“I think that performing at Bargemusic has been an important first step for literally dozens of young musicians,” said Johnny Gandelsman, a violinist in Brooklyn Rider, the mostly new-music string quartet, and the Knights, a chamber orchestra. “Both groups I play in have performed at the barge many, many times. In a way, we started building our audience at the barge.

“What’s great about Mark is his trust in the younger generation. If someone suggests a musician or a program to Mark, his attitude toward booking new people or programming and commissioning new music is always, ‘Why not?’ ”

One reason that openness seems to come so easily to Mr. Peskanov is that few proposals crossing his desk are likely to outpace his own vision of what Bargemusic can be.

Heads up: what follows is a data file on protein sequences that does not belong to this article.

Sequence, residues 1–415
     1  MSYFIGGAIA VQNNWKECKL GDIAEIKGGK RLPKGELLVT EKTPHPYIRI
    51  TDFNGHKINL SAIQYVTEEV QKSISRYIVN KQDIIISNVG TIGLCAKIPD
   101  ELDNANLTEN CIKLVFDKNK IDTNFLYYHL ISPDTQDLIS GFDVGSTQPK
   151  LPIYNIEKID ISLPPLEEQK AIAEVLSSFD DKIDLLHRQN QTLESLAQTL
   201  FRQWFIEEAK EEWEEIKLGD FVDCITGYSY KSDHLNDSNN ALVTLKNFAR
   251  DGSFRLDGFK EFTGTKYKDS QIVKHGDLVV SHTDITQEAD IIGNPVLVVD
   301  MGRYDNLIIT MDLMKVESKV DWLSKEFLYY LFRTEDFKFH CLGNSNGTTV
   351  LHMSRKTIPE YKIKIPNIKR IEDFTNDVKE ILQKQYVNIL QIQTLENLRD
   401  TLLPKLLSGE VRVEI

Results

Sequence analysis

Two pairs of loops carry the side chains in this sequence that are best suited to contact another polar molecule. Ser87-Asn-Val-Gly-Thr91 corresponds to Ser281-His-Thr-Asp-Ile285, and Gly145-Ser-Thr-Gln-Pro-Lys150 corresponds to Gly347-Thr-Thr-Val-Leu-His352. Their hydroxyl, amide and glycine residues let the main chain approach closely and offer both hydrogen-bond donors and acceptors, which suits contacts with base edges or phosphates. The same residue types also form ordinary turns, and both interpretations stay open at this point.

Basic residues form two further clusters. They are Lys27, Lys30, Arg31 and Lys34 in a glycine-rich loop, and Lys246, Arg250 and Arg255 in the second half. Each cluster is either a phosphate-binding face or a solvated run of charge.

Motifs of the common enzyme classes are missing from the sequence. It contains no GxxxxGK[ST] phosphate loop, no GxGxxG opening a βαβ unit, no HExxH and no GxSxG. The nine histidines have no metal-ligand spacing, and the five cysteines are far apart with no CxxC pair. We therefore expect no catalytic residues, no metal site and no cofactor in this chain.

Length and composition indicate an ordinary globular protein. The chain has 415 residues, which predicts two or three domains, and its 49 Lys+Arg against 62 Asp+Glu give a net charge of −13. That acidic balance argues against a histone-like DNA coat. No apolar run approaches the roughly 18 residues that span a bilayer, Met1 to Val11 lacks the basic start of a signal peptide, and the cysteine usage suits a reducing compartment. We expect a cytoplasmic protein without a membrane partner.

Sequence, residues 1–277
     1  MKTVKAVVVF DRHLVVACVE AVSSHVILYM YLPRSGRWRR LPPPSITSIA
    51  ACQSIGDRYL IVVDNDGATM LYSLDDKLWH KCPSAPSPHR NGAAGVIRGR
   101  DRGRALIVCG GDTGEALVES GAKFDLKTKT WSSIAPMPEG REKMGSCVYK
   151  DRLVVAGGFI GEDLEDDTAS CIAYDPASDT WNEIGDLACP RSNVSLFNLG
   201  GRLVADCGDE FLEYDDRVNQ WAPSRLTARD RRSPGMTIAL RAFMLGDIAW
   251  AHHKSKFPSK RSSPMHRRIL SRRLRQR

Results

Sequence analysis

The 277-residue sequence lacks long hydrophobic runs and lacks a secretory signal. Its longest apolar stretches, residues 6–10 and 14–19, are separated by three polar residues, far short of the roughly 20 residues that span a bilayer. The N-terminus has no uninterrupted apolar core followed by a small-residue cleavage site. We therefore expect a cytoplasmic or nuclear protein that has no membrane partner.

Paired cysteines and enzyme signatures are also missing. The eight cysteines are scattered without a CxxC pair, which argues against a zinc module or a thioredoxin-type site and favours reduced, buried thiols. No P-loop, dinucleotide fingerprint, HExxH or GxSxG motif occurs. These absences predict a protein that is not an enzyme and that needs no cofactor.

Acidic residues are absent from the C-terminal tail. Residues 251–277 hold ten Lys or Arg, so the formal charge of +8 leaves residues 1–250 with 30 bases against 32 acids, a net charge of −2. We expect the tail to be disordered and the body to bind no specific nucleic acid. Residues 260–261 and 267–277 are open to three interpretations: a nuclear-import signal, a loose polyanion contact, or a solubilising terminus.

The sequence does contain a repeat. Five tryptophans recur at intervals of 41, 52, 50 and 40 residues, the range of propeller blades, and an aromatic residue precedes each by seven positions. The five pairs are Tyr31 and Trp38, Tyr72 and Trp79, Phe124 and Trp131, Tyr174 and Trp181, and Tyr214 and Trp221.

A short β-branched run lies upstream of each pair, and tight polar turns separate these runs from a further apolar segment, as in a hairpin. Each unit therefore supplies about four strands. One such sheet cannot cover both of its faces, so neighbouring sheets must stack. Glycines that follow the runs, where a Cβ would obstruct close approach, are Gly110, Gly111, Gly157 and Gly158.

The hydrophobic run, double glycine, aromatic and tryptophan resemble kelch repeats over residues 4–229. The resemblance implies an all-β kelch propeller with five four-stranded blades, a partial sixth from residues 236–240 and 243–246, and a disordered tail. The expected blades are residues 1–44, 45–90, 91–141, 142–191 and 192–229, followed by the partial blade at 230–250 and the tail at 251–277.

“In a perfect world,” he mused, “I would like to put on a concert lasting three, four, five hours, with everything in it: chamber music, jazz, pop, new music — a big menu. It would be like a feast. I would love to have musicians come in and say: ‘Hey, let’s do this. Let’s do that.’ Spontaneous programming. Can you imagine the excitement, to do this maybe one day a month?”

“O.K., I’m just dreaming out loud,” he said, catching himself momentarily. “But things are happening, too.”

Bargemusic is at Fulton Ferry Landing, Brooklyn, next to the Brooklyn Bridge. Concerts are at 8 p.m. and 3 p.m. on Sundays. Regular tickets are $15 to $35; concerts by large ensembles $20 to $40. Jazz and More programs are $20; $10 for students. The Music in Motion series, starting June 1, on Tuesday, Wednesday and Thursday at 1 p.m., costs $10, but is free for children up to 16 accompanied by an adult; (718) 624-2083,